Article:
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BOTM March 2008 《围城》by 钱钟书


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Hi all, for the first time I am going to attempt to read a book in Chinese on the prestigious BOTM Club... tbh I am looking forward to it, but not sure about how much time I will get to dedicate to it and as I am a pretty slow reader in Chinese it might take me till next Chinese new year... :mrgreen:

As an aside, is it ok if I post a word doc and a text (in UTF8 encoding) for everyone? I will use Pleco 2's reader on my phone as I reckon this will give me the best chance to a) read and B) understand it... so if its ok I will attach the file here... just let me know... cheers

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I really feel like I should commit to this one, as I've started this book at least twice and just stopped for no good reason - I actually remember quite enjoying what I did read, I think. However, I'm also painfully aware of . . . well, of how completely rubbish I can be :mrgreen:

Incidentally there's also an audiobook version of the novel, and a TV series. VeryCD links are here and here, respectively, you can probably find them elsewhere if you don't use eMule. Maybe I'll listen to the audiobook version on the bus and pretend to have read the book.

Ok, I hereby commit to reading the first chapter over the weekend. That's a start.

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I thought the first chapter was a bit slow, so hang in there if you don't immediately like it. I didn't find at first the characters all that likeable and they seem somewhat exaggerated. But then I realized that it's a satire, whereas I was expecting "Portrait of an Artist as a Young Man" or something. I've also heard the " people outside the city want to get in; people within the city want to get out" lines repeated whenever the book is brought and thought that it might be a romance, but it's not really that, either..

Some people call it 《新儒林外史》 -- 《儒林外史》is a satire written during the Qing dynasty about students cramming for the imperial exam. That might be appropriate. Though there's no exam-cramming here, it is also about the lives of the young and educated upper middle class and pokes fun at them a bit.


Satire is probably the wrong word; comedy of manners, maybe.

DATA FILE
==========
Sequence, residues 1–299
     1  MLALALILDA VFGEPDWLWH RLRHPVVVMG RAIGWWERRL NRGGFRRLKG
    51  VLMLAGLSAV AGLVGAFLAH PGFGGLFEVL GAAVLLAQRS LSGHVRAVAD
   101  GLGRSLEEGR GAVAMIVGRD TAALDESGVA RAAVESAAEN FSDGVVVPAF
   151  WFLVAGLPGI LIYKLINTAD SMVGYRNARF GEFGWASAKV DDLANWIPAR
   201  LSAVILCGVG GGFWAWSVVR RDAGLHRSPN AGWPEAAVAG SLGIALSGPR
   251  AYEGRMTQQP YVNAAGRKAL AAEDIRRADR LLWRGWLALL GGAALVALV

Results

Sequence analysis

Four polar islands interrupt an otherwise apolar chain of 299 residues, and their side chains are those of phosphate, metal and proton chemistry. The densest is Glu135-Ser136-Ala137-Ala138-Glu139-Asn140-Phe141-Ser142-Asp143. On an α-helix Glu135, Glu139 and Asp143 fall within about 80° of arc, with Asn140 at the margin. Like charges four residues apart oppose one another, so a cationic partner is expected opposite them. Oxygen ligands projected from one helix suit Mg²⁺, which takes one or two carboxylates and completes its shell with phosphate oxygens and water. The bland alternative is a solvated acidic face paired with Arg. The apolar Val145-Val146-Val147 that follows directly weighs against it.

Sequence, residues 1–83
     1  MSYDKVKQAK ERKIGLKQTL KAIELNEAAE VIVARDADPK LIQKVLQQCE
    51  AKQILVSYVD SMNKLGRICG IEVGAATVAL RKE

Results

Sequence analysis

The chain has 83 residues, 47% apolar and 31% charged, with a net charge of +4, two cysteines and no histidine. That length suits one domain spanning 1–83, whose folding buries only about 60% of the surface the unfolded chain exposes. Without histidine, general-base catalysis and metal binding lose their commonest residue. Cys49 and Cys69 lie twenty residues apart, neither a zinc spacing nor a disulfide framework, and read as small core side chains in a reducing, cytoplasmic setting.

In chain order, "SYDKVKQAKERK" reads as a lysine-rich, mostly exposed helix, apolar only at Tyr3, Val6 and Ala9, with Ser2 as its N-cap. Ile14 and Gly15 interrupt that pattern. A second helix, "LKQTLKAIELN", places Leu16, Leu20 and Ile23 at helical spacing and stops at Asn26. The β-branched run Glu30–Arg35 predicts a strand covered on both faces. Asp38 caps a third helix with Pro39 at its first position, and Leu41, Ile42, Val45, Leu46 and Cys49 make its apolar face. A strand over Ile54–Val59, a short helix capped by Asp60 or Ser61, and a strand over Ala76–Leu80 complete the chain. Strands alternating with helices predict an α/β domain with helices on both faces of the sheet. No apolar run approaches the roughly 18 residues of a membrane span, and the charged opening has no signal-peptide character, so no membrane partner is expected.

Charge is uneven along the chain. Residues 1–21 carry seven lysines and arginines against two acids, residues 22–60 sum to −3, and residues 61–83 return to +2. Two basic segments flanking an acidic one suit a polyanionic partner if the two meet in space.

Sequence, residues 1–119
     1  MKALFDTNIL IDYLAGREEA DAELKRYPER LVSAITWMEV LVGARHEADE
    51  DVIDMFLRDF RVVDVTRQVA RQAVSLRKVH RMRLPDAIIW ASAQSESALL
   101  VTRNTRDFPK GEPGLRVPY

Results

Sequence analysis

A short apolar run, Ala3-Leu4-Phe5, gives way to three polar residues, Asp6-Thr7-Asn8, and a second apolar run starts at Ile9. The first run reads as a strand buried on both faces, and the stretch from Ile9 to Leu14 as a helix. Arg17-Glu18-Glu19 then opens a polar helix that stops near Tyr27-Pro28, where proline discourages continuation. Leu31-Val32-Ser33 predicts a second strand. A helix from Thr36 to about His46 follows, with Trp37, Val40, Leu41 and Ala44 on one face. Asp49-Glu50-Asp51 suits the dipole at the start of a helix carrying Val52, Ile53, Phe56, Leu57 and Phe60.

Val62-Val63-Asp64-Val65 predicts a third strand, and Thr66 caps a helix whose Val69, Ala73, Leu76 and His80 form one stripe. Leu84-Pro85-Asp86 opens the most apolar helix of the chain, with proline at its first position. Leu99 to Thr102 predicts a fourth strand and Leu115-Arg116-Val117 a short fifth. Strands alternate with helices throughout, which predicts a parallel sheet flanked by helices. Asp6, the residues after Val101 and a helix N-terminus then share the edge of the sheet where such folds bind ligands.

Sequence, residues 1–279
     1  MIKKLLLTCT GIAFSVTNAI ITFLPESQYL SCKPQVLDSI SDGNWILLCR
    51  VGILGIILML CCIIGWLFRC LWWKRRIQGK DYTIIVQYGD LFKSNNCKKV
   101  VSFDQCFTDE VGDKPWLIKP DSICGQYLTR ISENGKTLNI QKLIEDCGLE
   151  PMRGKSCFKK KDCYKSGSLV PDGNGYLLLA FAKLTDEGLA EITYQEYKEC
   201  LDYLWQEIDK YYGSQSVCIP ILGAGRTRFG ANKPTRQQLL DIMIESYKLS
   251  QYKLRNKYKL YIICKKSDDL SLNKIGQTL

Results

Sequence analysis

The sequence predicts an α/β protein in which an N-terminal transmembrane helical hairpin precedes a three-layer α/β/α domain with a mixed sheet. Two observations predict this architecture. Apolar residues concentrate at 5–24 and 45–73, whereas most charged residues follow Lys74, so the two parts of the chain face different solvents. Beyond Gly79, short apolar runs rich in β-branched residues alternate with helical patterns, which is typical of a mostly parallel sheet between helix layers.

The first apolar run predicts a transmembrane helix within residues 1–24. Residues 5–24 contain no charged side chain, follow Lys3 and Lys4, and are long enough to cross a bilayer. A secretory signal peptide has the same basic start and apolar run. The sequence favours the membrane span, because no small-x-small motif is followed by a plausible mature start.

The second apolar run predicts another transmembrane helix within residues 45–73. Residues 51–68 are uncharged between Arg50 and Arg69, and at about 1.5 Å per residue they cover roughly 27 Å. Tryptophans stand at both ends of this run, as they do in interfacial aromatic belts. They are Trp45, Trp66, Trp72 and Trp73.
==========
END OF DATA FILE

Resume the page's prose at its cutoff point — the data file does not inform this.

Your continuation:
comedy of manners

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And now I've read the second chapter, and am further into the book that I was previously. Quite enjoying it, the guy who spoke an early form of white-collar was good fun. I've also got a few episodes of the TV version downloaded, watched a small part of it and it looks quite good - very much a TV play kind of feel to it and the foreign characters look very much like they got press-ganged from a local university. A young 陈道明 stars, although I didn't recognize him at first.

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@gato yeah, that's who I was thinking of.

I'm working through Chapter 5 today - am trying to do a chapter every second day, have stuck to it so far. It's somewhat disheartening though when you find that the day's chapter is waaaaaaaay longer than the last one - 3 and 5 are monsters.

Anyway, I'm with Imron at the moment. It's well written, the back-and-forth banter can be amusing, the social commentary is biting, and sometimes it pops up with something like the passage at the start of Chapter 3 which I loved. But I'm not finding a single character likable, and I'm none too concerned what happens to them, which doesn't fill me with enthusiasm for continuing. But I will soldier on.

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I am very excited to join this forum. I am 53 and got my master's degree in Chinese literature in 1980. I have since migrated into the study of Japanese, but I keep wanting to get back to the Chinese.

I agree that reading one Chinese book a month is very ambitious. Good luck to the young lady who wants to finish the book by the Chinese New Year (which has come and gone by now, so perhaps you meant the NEXT Chinese New Year.